Radha fell in love with another poet, Narendra Dev. She was initially hesitant to remarry but was encouraged by both Rabindranath and Sharatchandra to follow her heart.
Many Hindu wedding rituals still in practice are misogynistic, including the ritual where the groom tells his mother before marriage, “I’m about to get you a servant.” There are many other rituals that are heavily patriarchic, if not misogynistic. For example, when the groom announces that he is the one who’d be taking the responsibility of the food and clothing of the bride for the next seven lives; and also the sampradan ritual, where the bride is handed over to the groom by the father.
As Radharani’s daughter, Nabaneeta Dev Sen later said, “Unlike what we see in traditional marriage, where a bride’s father gives his daughter away, Radharani did her own sampradan. In other words, she gave herself away in marriage. She felt she belonged to nobody. My parents’ marriage was widely reported in the newspapers at that time.”
Most Hindu women of our time are still following these rituals. Even if they’re themselves eager to break the cycle of these misogynistic rituals, they’re forced to follow them to ensure their fortune. Yet, Radha, who had always been encouraged to challenge the religious rules set specifically for women, did her own sampradan. This was even published in newspapers the following day which raised enough discussions.
Radharani Devi won many awards for her literary contribution, including the Tagore Prize at the age of 82. She and Narendra Dev had a daughter together, Nabaneeta Dev Sen, which brings us to the next part of the story.
Nabaneeta Dev Sen, a continuation of the legacy
Nabaneeta Dev Sen, the renowned Bangali author known for her transgressive and subversive writings covering immigrants’ experiences, homosexuality, AIDS, old age, and other social issues — was the only child of the poet-couple and was named by Rabindranath Tagore.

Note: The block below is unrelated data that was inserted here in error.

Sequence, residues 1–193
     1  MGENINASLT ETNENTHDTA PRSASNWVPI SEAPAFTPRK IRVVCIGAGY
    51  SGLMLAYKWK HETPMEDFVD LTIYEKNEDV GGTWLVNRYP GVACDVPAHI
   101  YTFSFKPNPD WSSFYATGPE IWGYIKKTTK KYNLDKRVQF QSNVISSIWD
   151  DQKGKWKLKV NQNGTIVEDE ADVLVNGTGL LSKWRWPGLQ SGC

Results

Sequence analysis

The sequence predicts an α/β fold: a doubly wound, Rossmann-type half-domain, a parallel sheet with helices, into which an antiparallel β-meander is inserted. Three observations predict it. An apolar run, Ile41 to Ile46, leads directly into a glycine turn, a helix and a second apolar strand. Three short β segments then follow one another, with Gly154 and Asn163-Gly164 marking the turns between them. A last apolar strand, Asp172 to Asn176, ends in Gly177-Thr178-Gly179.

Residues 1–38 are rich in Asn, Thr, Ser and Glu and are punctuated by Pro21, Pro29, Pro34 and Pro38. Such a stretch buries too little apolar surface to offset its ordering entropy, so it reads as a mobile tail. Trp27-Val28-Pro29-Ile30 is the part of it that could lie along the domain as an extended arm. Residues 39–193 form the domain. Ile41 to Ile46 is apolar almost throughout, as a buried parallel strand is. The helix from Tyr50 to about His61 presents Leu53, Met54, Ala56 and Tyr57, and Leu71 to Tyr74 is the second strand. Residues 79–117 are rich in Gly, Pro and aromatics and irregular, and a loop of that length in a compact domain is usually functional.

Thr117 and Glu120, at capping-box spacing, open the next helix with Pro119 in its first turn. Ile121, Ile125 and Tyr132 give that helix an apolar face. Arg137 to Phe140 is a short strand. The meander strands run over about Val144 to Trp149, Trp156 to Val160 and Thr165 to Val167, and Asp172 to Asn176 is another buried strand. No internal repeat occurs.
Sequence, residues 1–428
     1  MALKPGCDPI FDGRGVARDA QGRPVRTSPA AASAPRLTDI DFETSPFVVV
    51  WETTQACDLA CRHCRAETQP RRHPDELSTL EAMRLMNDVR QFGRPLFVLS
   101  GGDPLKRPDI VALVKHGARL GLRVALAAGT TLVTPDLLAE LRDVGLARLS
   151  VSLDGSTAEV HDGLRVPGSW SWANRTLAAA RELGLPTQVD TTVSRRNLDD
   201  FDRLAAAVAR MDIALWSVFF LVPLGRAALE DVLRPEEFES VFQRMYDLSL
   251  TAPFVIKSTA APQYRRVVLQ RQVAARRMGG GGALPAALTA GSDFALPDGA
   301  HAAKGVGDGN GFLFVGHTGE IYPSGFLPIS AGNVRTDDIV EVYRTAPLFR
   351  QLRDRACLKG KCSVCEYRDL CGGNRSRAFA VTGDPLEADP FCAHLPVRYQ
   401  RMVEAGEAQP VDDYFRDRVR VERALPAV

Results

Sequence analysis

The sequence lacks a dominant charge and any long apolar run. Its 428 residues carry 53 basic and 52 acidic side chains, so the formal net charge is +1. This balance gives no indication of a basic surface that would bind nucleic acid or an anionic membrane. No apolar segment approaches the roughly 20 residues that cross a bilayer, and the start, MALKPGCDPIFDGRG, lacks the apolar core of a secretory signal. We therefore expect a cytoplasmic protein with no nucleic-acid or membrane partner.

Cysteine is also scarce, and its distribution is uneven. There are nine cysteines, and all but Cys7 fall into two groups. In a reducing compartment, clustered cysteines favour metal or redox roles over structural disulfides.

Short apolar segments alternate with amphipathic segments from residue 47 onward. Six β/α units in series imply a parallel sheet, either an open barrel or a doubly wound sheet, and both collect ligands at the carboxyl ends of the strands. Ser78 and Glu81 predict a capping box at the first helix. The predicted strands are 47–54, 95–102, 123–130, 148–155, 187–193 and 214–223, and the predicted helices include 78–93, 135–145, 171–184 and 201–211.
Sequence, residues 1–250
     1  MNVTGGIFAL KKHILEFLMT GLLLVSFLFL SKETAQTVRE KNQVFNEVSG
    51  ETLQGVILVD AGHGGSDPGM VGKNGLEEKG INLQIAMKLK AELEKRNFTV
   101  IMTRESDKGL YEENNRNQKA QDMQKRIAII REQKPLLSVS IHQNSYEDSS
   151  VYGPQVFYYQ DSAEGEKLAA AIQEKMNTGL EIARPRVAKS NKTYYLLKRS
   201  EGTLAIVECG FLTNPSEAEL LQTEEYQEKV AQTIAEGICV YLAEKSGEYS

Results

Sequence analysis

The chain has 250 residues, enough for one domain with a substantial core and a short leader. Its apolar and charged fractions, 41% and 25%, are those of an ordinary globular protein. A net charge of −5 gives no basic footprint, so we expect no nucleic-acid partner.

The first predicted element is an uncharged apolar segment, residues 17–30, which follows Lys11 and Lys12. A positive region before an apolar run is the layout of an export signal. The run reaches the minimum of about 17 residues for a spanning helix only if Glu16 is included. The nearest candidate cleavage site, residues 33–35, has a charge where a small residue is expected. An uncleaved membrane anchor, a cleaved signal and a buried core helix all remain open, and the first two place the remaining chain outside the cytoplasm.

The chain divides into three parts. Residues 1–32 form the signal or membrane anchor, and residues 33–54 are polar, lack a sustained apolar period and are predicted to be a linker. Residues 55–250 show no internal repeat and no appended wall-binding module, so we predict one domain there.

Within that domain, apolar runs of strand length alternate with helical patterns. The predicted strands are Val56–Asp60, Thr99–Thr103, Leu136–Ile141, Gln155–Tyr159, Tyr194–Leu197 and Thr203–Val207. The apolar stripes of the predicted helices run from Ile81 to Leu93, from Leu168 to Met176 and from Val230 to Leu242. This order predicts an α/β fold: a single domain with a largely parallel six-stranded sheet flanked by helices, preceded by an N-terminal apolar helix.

Radharani Devi had a major role in shaping the career of her daughter. Nabaneeta grew up listening to Rabindrasangeet from her mother. While Radha’s mother had thrown all her books to the fire, Radha was the first one to gift her daughter a notebook to write poetry on, when she noticed her daughter’s interest in poems, just the way Sushila had done for her. Radha helped Nabaneeta in improving her poems. The first poem Nabaneeta wrote was called “Cholochitto” whose name was also suggested by Radha.
“Nabaneeta-di started breaking gender norms from a very early age. Not many people know she was a keen sportswoman in school. She did gymnastics, she was a swimmer, played basketball, and took part in inter-school events,” says Sarmistha Dutta Gupta, a writer, scholar, and activist based in Kolkata.
Nabaneeta reported every lesson she learnt while majoring in ‘Comparative Literature’ at Jadavpur University to her mother. As she recounted later, she said that it was not just her mother’s way to ensure that she concentrated enough in her studies, but also to develop her own knowledge about the global literature. Radha sent her daughter abroad to study at the age of 21 to do her Masters at Harvard University.
When Nabaneeta fell in love with Amartya Sen, who later on became the first Nobel Laureate in Economics from India, Radha encouraged her to bring him home. She was a star debater and he was the president of the debating society at Jadavpur University. Later, Nabaneeta and Amartya got engaged in Cambridge. Radha would send short telegrams to her daughter when they’d go on trips together, which Nabaneeta later recounted to have found funny. Once Amartya found a telegram addressed to him by his mother-in-law in Trinity College, which said, ”Enjoy yourselves. Don’t send postcards!'”